After that, you’ll start incurring late fees. Once you’ve missed your payment for the third time, lenders will send you a demand letter, aka a “notice to accelerate,” stating how much you must pay to bring the mortgage current and demanding that you do so within the next 30 days.

2. Notice of default

If you miss your fourth payment, the lender will send you a notice of default (NOD), which states their intent to start the foreclosure process.

At this point, you usually get 30 more days to remedy the debt. Due to federal law, lenders usually must wait until you are at least 120 days past due on your payments to start the foreclosure process.

3. Notice of sale

Next, the lender will send you a notice of sale to officially start the foreclosure process.

Depending on the state, the lender may have to get approval from a court first. This is called a judicial foreclosure. But if your state allows nonjudicial foreclosures, there may already be a power of sale clause in the mortgage agreement that allows the lender to start the process without court approval.

In either case, the lender will schedule the sale of the property at a public auction with the county. Up until the auction, you can still pay off the remaining debt plus fees to stop the foreclosure process.

4. Public auction

At the auction, the opening bid will be set to the value of the outstanding mortgage plus any liens, unpaid taxes, marketing costs, and fees.

The winning bidder will get the deed to the property and can immediately take possession of it. Any money above the opening bid amount will go back to you as the borrower.

If the house doesn’t sell, the lender becomes the owner of the property, which is then considered real estate owned (REO) or bank-owned.

5. Eviction

As soon as someone buys the property or it’s deemed REO, you will be required to move out. But you may get a little time to leave and remove your belongings depending on the new owner and local laws.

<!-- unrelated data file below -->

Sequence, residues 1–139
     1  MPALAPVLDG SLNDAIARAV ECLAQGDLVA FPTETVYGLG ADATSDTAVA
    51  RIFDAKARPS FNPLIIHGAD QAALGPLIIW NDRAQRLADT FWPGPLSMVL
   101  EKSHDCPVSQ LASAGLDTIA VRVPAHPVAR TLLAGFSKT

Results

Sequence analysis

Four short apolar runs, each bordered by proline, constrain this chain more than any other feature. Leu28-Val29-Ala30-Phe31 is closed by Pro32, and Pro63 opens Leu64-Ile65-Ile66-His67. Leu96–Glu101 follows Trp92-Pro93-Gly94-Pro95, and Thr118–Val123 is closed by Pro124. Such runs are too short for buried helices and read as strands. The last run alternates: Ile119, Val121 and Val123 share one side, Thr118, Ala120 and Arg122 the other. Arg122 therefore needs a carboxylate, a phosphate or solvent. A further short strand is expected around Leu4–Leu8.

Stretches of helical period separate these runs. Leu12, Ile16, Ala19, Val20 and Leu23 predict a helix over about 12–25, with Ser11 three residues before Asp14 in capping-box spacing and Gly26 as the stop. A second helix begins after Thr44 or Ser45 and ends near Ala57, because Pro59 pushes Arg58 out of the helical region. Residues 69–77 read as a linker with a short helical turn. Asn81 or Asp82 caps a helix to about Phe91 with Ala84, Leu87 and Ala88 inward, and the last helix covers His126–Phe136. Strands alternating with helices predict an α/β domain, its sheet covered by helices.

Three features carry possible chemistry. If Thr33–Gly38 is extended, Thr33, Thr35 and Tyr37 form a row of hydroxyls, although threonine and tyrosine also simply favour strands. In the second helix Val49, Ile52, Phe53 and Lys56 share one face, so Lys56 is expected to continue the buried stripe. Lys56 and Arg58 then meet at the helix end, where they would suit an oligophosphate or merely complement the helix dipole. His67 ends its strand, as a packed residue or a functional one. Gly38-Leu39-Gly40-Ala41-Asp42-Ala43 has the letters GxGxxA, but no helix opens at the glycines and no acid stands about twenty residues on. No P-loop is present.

To help you with moving costs, you may ask the new owner about a “cash for keys” offer. This is usually a few hundred or thousand dollars given to incentivize you to move out promptly and leave the house in clean condition.

If you don’t vacate the property, law enforcement will eventually come to remove you and impound any belongings remaining in the house.

Final word

Foreclosure can be a scary thought. But if you are struggling to make your payments, the best thing you can do is to inform your lender early on.

According to foreclosure attorney Devin Sawdayi, “most banks want to avoid foreclosure as much as you do because it costs them money and time. So if you can prove that you’re in financial hardship, they may allow you to lower your monthly payment. Work with them to find the best solution.” Check out this website to learn more.

You can also take advantage of foreclosure-avoidance programs like Making Home Affordable. Or you might consider bankruptcy first, which can stall a foreclosure. But this and other options can get tricky, so it’s best to consult an experienced foreclosure lawyer to help you find the best resolution for your situation.